About six years ago, Chelsea Hadley left her job as a fundraiser for the Los Angeles County Museum of Art and started running a small arts foundation from her house.
In theory, the idea was a no-brainer — she had two school-age children; her husband, the film scorer and hip-hop musician Justin Reinhardt, already worked from home; and the flexibility was seductive. Practically, she discovered one hitch: Her house, in a canyon in Los Angeles, was not designed for that kind of lifestyle.
“We live in a 1950s midcentury modern post-and-beam house, which is, like, very L.A.-feeling, but it’s one big, open space,” Hadley said. “So we realized really quickly that with him working at home and me working at home and having two young kids, I was never going to get any work done and neither was he.”
Adding a room would have blasted through their budget and changed their home’s footprint, but they did have an 8,360-square-foot lot and a backyard — littered with outgrown toys — that needed updating. The answer to everything was a $60,000 luxury shed by kitHAUS, a prefab maker that has created sleek spaces for clients including comic actress Amy Poehler.
Backyard sheds long ago morphed from dusty storage shacks or scroungy domains of gardeners and grandpas to swoonable spaces that let people fulfill needs and fantasies for a fraction of what it would cost to trade up or remodel.
They are the heart of the yard and sometimes the home, serving as offices, meditation rooms, writing nooks, bars, saunas, guest suites or crafting cottages, and sometimes a combination of the above.
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Deep down, the appeal of the backyard shed, and the many ways the space has been interpreted, can be explained by that primordial need for intimate, secluded snugness, said Debra Prinzing, author of “Stylish Sheds and Elegant Hideaways.”
“It goes back to our visceral memories of having a little secret place,” Prinzing said. When she used to ask people about their dream sheds, the answers “were all over the map in terms of architecture.” But they all evoked the “excitement you had as a child, putting a blanket over a card table and climbing underneath. You had your own little space. I think that’s what everyone is going for.”
Perhaps nothing consecrates the status of sheds more than a reality TV show on the topic. “He Shed She Shed” on FYI.TV pits pairs of amateur shed designers with competing visions.
The popularity of the units is evidenced in the growth of shed companies. Business at Modern-Shed has increased 20 percent per year for the past six years, said Tim Vack, general manager of the Seattle-based firm. A mix of factors is driving demand: Awful traffic and the rise of flex policies means more people are choosing to work from home. That’s especially true in the Pacific Northwest and in California, where jobs in design, tech or entertainment are common.
Construction and real estate costs mean it’s hard to move or remodel, he added. An unfinished Modern-Shed typically starts at $18,500 to $25,000 (not including delivery or installation). He estimated that a room addition would cost four to eight times that.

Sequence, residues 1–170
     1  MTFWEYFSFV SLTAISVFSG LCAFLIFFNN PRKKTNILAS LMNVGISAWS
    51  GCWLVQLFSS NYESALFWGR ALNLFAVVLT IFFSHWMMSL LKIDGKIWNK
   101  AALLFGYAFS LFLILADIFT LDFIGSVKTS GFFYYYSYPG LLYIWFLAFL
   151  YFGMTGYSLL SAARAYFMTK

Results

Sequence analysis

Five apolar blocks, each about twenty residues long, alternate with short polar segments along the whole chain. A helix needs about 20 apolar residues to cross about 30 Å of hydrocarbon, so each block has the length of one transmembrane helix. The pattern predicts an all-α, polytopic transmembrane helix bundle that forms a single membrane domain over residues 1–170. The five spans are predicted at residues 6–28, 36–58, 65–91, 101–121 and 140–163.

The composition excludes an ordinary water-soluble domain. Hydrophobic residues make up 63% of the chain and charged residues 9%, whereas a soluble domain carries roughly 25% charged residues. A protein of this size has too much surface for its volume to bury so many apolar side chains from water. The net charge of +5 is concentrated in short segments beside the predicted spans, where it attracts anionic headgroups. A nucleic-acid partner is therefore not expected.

People with 3,000-square-foot villas aren’t his typical clients — it’s those that live in “tight but wealthy” urban areas such as downtown San Francisco and Seattle.
Jeremy Nova, a co-founder of Studio Shed, outside Boulder, Colorado, said there’s a key advantage to building small: The structure might not need to be permitted, depending on local building codes. “We’ve done installations in very small backyards,” Nova said. One yard in San Francisco was so tiny the builders had to carry panels in through the house.
Studio Shed has averaged year-over-year growth of almost 50 percent since inception in 2008, Nova said. His sheds are most popular in California, where “you have a lot more acceptance of integrating indoor and outdoor living spaces, and part of that is the climate.” He and other shed builders have clients across the United States.
The backyard shed as retreat is far from a North American concept — they’ve been a fixture in Great Britain for decades and they’re the crux of a social movement in Australia.
While they come in many styles and prices, from mass produced or customizable units in the low four figures to architect-designed showpieces, high-end sheds tend to use durable and ecologically responsible materials, and they have bespoke details that help them match the main house, such as custom paint or curated lighting. Adding a bathroom or kitchen can send costs up, in part because of permits.
Tom Sandonato, who co-founded kitHAUS in 2004, said coveted upgrades blend inside and outside: Outdoor kitchens or showers, hardwood floors that transition into decks, open air passages connecting enclosed spaces. His business has grown about 5 percent yearly in the past two years, he said.
Eric Enns, owner of Modern Spaces and Sheds, based in Northern California, is working on another concept that merges indoors and outdoors: A treehouse shed in Santa Cruz. Enns said people — including himself — are increasingly wanting multipurpose sheds.